In Godard: A Portrait of the Artist at Seventy, Colin McCabe’s conclusion is, even if he doesn’t acknowledge it as such, pessimistic and defeatist. He indicts Godard on the failures of the radical politics of the late 20th century, though surely the filmmaker’s post-collectivist work must be read partly as a response and rethinking of those radical aesthetics and positions. McCabe’s reflections arise, in part, from the shock of the 2001 bombing of the New York City World Trade Centre. The mistakes of the post-1968 cultural revolutionaries are many, undoubtedly, but it is a long bow to draw if he is seeking to make connections between contemporary nihilistic terror and the radical aesthetic conclusions of the post-1968 European intelligentsia. It is an argument that does have suggestive possibilities but it needs to be better enunciated to be effective. In the end, Godard’s British Sounds (1969) or Histoire(s) du Cinéma (1988-98) or In Praise of Love (2001) are not bombs: they’re films, they’re videos. That’s not blood, it’s the colour red. Personally I wouldn’t mind a few bombs hurled at Australian cinema and moving image. Metaphorical bombs, polemical bombs. As a national cinema, it’s bloated, lazy and empty. It’s a disgrace.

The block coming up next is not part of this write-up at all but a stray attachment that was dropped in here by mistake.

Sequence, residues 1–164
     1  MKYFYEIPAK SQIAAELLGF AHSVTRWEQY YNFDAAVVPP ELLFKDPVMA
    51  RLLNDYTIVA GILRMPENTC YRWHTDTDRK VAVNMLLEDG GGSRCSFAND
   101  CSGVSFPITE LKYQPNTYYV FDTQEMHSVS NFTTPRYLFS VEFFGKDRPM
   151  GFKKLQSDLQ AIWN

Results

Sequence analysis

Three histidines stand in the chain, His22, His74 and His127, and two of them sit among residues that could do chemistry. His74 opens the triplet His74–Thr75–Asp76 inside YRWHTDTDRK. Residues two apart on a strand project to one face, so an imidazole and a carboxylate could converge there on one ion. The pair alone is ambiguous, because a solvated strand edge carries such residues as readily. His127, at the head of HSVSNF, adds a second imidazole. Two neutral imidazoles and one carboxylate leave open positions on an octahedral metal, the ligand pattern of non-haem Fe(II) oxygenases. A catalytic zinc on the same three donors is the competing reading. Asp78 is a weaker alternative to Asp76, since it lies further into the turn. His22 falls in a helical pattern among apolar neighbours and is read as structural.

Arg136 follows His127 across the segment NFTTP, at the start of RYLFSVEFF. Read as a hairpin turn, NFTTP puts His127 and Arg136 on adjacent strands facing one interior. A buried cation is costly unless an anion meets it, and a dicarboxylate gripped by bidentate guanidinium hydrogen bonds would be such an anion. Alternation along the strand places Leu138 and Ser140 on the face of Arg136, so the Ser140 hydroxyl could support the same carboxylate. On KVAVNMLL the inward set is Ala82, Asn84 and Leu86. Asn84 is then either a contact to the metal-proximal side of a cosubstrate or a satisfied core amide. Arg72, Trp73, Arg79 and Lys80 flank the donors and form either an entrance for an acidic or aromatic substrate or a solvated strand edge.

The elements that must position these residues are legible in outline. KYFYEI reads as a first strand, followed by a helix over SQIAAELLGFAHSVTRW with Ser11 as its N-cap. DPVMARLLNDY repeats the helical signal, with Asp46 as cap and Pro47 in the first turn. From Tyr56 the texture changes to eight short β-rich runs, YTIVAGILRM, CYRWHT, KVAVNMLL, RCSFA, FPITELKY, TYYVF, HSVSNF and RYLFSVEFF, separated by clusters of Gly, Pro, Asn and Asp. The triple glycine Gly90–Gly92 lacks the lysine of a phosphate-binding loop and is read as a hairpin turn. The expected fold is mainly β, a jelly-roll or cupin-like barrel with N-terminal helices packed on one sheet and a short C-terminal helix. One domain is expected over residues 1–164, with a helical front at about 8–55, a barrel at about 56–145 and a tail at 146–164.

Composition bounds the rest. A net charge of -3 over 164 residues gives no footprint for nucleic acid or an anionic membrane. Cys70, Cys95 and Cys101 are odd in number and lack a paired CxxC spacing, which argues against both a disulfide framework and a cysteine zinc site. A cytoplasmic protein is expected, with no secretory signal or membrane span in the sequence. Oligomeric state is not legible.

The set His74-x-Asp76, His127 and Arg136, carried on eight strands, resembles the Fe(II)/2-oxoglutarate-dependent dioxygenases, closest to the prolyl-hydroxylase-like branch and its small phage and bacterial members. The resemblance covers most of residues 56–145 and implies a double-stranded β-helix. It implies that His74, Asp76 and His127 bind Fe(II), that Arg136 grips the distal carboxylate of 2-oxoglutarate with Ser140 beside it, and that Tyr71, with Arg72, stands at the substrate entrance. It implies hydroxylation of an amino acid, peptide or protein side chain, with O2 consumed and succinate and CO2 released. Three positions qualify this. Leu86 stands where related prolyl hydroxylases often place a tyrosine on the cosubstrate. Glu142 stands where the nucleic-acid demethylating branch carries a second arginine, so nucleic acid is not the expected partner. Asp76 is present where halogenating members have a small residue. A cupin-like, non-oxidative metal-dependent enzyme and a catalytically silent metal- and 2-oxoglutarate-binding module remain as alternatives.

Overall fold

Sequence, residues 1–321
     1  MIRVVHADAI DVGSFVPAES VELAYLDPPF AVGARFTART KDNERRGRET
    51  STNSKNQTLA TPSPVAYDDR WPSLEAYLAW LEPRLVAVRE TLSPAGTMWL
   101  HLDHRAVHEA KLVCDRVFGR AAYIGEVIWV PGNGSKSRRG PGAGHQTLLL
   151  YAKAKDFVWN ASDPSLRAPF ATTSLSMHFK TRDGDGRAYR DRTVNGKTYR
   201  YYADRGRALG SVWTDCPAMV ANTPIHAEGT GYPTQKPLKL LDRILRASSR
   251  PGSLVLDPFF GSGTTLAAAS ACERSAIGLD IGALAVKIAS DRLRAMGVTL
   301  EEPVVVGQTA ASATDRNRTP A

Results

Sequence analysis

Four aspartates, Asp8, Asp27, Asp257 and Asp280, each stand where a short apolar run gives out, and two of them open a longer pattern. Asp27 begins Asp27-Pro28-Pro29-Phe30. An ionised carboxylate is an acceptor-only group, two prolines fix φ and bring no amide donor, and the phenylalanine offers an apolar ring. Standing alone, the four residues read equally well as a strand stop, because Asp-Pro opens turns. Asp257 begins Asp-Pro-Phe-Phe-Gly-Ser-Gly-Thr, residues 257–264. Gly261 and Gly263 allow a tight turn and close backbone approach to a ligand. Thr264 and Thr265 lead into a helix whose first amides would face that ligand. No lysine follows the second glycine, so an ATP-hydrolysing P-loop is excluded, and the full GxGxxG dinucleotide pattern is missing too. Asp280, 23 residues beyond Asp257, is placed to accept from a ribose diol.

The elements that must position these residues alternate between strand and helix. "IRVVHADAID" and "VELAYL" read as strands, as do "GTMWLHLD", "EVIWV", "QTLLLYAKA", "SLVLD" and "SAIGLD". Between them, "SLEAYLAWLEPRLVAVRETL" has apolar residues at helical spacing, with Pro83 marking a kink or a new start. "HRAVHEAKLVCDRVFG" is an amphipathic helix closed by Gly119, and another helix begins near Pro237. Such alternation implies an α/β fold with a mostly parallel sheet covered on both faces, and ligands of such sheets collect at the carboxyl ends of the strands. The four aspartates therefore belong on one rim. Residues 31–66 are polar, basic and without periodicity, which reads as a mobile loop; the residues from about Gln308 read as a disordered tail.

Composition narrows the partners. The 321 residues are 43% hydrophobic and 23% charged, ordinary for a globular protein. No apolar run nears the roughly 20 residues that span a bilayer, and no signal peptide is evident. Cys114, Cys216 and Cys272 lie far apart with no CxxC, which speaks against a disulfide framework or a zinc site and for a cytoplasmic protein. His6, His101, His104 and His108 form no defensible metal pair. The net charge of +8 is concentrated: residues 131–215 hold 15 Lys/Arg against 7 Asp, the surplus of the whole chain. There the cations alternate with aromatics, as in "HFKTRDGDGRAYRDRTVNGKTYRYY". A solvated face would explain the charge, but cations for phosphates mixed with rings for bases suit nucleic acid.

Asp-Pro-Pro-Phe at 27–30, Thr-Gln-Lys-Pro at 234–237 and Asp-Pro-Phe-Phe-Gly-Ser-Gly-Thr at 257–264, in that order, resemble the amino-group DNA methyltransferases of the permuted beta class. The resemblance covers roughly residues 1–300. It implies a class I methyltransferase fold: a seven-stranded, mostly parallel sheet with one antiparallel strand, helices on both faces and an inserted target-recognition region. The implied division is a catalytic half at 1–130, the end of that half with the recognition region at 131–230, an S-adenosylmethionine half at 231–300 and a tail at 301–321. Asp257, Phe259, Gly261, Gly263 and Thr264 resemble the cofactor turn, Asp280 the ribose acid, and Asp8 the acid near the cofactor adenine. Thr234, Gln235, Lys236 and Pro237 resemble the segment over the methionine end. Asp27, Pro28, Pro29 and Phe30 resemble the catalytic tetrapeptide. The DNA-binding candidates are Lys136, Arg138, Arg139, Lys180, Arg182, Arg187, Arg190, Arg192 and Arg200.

About The Author

Christos Tsiolkas is a novelist, playwright, critic and screenwriter. His novels include Loaded, Dead Europe and The Slap. He has been a passionate cineaste since Ivan Hutchinson led him through the looking glass when he was just a little boy.